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Who Do You Want on Your Pregnancy Team?

It almost takes a village to have a healthy baby. As the mom-to-be, you're the leader, and you need to know who and how to select the right people to help you care for yourself and your baby before, during, and after delivery.

Your Choices for Prenatal Care and Delivery

There are many types of health care professionals who can provide prenatal care and help during delivery.

  • Family medicine doctors can provide care for normal, uncomplicated pregnancies and deliveries.
  • Obstetricians (OBs) or obstetrician/gynecologists (OB/GYNs) specialize in both normal and high-risk pregnancies.
  • Maternal-fetal medicine (MFM) specialists, or perinatologists, specialize in complicated and high-risk pregnancies.
  • Midwives are nurses or trained health professionals who care for healthy women with normal pregnancies. They usually specialize in natural childbirth that attempts to minimize medications and medical interventions.
  • Doulas are non-medical, trained professionals who support and help you during labor or before and after childbirth.


How to Choose the Best Provider for Your Needs

Finding the best providers for you depends on your health, your baby's health, and your preferences for care and delivery. As you meet with potential providers, discuss:

  • Your current health
  • Your risk for a high-risk pregnancy
  • Your personal preferences, such as whether you want to give birth at home or without medical intervention or pain medications
  • Whether you already have a family doctor or OB/GYN you are comfortable with
  • Where you want to deliver your baby and whether your provider has admitting privileges there
  • Whether the provider is covered by your insurance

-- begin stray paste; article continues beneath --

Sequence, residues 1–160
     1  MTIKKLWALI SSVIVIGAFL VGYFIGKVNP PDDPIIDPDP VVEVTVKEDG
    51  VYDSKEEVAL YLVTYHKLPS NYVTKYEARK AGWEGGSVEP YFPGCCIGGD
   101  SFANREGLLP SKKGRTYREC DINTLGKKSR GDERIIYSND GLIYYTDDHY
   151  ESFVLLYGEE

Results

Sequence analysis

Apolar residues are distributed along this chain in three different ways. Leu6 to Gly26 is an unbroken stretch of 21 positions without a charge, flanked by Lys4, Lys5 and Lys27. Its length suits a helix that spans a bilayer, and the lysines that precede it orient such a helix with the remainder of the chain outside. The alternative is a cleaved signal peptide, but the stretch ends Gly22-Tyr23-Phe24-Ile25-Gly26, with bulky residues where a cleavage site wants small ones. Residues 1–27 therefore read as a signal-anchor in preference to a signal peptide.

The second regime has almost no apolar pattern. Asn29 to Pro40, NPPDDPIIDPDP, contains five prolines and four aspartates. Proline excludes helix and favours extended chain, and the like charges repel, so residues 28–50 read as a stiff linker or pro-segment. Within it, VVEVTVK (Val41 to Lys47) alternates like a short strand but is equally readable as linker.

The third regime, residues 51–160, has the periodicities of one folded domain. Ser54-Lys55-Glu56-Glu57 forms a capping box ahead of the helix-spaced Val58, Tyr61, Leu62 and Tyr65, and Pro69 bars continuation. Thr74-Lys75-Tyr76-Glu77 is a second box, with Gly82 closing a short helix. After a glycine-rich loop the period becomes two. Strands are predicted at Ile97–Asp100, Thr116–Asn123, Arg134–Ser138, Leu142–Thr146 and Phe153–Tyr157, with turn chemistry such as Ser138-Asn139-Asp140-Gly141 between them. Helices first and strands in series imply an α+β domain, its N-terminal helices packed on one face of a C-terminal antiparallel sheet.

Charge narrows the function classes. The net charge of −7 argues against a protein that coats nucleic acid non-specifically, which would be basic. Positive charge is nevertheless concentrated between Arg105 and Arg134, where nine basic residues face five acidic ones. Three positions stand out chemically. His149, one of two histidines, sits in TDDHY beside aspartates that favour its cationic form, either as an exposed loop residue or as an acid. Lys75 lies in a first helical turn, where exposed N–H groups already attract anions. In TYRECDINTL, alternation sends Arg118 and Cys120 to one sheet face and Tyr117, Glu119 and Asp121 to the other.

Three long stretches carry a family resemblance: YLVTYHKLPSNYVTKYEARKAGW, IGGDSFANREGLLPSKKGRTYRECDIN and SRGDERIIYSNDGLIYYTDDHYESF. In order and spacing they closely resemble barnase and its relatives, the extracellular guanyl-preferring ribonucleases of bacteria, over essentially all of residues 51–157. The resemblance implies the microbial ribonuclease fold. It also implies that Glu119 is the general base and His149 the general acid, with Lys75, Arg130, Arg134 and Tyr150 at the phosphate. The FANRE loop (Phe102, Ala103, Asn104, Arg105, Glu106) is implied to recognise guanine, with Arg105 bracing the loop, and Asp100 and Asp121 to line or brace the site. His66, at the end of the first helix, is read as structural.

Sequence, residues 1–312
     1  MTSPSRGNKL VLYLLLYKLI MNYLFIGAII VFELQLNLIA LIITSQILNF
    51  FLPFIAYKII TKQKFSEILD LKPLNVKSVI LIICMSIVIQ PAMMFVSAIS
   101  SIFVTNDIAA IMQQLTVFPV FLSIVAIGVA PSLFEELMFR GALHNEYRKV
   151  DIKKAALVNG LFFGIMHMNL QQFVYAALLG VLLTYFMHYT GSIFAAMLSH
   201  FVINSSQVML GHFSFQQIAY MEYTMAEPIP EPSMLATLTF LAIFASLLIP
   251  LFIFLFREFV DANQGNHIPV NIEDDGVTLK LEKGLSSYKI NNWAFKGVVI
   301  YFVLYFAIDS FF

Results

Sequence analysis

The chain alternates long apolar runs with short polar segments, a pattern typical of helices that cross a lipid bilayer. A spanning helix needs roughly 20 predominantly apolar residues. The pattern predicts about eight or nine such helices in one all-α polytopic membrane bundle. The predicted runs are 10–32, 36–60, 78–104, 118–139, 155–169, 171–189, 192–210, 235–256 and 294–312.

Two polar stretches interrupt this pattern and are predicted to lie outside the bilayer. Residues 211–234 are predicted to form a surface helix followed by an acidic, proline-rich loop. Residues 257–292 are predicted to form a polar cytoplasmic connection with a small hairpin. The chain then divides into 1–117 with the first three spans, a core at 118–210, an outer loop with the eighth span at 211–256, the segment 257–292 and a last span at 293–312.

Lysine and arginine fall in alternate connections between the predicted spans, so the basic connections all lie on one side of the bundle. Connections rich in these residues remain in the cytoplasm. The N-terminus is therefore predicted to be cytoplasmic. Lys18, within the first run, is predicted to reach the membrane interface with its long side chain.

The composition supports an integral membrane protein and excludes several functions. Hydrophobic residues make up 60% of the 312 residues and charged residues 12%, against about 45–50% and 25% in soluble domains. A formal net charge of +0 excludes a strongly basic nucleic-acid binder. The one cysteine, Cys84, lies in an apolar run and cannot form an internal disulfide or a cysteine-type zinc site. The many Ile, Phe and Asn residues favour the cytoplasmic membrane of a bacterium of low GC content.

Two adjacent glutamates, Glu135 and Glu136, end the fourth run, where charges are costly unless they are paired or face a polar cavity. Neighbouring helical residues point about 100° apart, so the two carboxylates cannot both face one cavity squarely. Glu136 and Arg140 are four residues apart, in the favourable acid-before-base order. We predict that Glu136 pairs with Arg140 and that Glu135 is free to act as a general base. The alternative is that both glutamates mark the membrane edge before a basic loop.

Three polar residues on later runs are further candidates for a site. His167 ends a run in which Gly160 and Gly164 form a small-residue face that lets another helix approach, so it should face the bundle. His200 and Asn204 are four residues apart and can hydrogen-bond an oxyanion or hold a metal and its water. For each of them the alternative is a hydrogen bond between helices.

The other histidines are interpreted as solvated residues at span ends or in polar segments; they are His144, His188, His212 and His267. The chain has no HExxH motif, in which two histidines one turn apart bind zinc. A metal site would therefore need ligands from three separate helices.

How Your Team Works Together

Pregnancy care is often a team effort, with providers contributing their own expertise.

  • OBs and family doctors will work with nurse practitioners, nurse-midwives, dietitians, and other professionals during prenatal visits. You may have one professional to give you exams or tests, and another to teach you about pregnancy and childbirth or counsel you about good nutrition and health habits.
  • If your OB is in a group practice, you may see different OBs during your routine visits. It's helpful for them to get to know you, since one of them may deliver your baby if your doctor isn't available.
  • Midwives in private practice often provide all routine prenatal care, consulting with an OB when necessary. They may team up with a second midwife or doula during labor and delivery.
  • Midwives, family doctors, and OBs will consult with an MFM specialist if you or your baby develops conditions that put your baby at risk. An MFM specialist may co-manage your care if needed.
  • In the delivery room, hospital nurses, anesthesiologists, and other staff may be involved in your care.

WebMD Medical Reference

Reviewed by Trina Pagano, MD on January 27, 2013

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